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“Skeleton Crew” Issue Continues to Be a Problem for Texas Newsrooms’ TPIA Requests

A Texas Public Information Act loophole not addressed by lawmakers in the recent regular legislative session continues to thwart newsrooms’ efforts to access taxpayer-funded records.

TAB and other members of the Transparency and Accountability in Government Coalition, such as the Freedom of Information Foundation of Texas and the Texas Press Association, were able to pass two of the eight Open Government fixes the coalition sought in the session.

Almost all the rest of the measures overwhelming passed the Texas House, only to die in the Senate in the waning weeks the 87th Texas Legislature.

Among those was HB 1416 by Rep. Giovanni Capriglione, R-Southlake, a bill that clearly defined what constitutes a “business day” so as to prevent the abuse of the “skeleton crew” loophole in the tolling of 10 business days in which governmental bodies must respond to Texas Public Information Act (TPIA) requests.

Governmental bodies are sometimes short staffed, hence a “skeleton crew,” due to holiday or a short-term emergency of some kind such as a hurricane’s impact on office operations for a week.

This practice is allowed by the TPIA, but it has been abused during the ongoing COVID-19 pandemic when governmental bodies’ staff have worked mostly from home.

Public employees remain on a public payroll, and in most cases, the records and information they use to perform their functions is available remotely, yet local governments claim the lack of people in the physical office prevents them from responding to TPIA requests for information.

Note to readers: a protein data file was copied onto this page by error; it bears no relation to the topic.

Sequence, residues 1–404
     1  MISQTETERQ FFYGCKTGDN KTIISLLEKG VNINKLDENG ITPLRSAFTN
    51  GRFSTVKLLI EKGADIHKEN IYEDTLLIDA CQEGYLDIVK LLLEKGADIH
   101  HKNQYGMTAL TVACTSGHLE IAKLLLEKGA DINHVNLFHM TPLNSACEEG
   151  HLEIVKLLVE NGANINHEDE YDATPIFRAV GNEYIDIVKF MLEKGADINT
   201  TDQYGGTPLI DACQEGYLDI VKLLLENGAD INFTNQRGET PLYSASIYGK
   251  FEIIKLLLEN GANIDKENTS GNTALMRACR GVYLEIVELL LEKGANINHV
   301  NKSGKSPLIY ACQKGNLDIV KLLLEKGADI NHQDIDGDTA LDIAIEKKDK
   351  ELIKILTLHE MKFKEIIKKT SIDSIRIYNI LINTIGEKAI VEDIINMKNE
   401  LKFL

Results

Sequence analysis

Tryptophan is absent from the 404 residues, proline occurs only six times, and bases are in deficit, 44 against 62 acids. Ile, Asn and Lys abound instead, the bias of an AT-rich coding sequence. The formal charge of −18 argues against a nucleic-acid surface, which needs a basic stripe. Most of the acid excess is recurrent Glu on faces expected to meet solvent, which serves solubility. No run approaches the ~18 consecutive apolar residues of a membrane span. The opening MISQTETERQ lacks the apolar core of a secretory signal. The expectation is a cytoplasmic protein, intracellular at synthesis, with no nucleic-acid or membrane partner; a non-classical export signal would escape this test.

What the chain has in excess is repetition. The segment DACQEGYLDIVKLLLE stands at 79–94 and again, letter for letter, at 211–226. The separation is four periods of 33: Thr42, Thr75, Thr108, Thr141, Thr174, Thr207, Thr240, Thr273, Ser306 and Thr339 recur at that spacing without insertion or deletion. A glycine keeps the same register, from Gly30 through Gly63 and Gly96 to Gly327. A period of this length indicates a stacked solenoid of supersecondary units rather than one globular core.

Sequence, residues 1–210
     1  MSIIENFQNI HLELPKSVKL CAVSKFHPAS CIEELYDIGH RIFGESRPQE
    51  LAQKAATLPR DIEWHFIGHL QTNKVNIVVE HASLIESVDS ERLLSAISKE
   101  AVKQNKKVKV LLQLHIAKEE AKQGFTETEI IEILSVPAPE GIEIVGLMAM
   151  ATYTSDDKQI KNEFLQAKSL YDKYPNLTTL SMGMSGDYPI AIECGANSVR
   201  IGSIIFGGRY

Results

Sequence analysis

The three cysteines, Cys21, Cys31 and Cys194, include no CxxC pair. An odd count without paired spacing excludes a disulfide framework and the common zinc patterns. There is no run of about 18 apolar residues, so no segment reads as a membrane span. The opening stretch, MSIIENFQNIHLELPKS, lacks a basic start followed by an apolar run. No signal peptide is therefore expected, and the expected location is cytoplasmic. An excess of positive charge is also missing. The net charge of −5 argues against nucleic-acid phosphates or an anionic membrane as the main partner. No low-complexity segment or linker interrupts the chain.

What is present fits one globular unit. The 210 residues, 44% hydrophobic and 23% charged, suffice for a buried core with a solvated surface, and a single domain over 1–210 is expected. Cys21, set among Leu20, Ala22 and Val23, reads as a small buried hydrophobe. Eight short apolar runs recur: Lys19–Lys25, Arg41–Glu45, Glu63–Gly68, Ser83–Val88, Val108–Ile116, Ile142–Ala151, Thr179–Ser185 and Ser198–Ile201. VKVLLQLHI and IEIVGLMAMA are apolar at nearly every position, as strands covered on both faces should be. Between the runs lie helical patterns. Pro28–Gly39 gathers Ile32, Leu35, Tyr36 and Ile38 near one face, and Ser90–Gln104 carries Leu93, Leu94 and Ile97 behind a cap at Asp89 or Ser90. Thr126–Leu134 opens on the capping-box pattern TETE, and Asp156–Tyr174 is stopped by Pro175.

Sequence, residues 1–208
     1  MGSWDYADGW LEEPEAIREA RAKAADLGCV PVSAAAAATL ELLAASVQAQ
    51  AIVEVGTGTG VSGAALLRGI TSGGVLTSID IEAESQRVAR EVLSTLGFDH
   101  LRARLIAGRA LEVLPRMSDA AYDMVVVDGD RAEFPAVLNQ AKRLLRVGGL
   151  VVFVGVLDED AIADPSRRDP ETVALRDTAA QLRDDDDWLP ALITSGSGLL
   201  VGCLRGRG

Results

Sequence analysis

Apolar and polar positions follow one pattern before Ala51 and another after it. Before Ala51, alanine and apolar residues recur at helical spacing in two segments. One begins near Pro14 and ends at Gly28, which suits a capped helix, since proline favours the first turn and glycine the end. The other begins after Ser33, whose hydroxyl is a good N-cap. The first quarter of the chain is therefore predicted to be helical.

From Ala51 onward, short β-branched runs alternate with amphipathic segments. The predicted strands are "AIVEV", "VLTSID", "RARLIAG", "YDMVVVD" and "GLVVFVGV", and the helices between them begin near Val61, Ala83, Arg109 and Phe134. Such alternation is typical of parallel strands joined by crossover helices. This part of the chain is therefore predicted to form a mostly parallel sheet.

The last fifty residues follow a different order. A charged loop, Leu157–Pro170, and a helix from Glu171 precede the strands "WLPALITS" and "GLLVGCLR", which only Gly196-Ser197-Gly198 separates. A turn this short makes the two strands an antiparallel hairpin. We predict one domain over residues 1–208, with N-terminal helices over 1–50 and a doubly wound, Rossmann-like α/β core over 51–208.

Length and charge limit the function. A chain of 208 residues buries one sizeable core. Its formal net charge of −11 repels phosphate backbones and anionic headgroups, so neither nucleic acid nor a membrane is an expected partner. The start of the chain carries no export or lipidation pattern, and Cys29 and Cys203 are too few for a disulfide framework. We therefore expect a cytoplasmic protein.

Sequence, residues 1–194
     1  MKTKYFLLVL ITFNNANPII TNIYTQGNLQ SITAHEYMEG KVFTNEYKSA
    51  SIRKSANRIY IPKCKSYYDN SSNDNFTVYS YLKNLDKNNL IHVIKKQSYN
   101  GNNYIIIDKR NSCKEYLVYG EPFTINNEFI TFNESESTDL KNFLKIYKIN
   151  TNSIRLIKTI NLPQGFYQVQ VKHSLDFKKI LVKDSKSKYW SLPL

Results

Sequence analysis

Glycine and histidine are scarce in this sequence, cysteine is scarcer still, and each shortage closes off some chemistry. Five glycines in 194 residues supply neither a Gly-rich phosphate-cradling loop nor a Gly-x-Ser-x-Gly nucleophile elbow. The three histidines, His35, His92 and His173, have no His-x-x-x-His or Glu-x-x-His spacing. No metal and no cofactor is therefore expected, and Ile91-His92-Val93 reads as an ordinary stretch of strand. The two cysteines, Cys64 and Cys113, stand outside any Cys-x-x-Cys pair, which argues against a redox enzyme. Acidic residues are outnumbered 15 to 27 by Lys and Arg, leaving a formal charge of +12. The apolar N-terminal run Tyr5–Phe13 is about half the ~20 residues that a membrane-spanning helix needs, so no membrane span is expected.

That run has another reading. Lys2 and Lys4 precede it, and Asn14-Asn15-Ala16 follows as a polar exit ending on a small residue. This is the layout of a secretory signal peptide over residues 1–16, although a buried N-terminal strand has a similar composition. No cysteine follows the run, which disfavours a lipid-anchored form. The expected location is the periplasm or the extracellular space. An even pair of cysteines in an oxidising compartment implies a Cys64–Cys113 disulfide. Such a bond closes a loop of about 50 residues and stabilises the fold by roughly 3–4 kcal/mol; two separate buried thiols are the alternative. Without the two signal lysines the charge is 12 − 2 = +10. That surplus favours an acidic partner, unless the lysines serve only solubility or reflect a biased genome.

With more and more businesses returning to in-office operations in June, newsrooms expected the situation to improve, but the abuse continues.

In the past two weeks, there were examples of the skeleton crew provision’s abuse in the Rio Grande  Valley and El Paso.

Sadly, the prospects of addressing this issue in the special session of the Legislature that starts Thursday appear, at best, dim.

The coalition was able to pass another bill, SB 1225 by Sen. Joan Huffman, R-Houston, that defines the conditions of a “catastrophe” in relation to suspension of the TPIA and how many days a catastrophe notice and extension can remain in effect.

It does not, however, address the issue of being temporarily short-staffed for a few days.

Questions? Contact TAB’s Michael Schneider or call (512) 322-9944.


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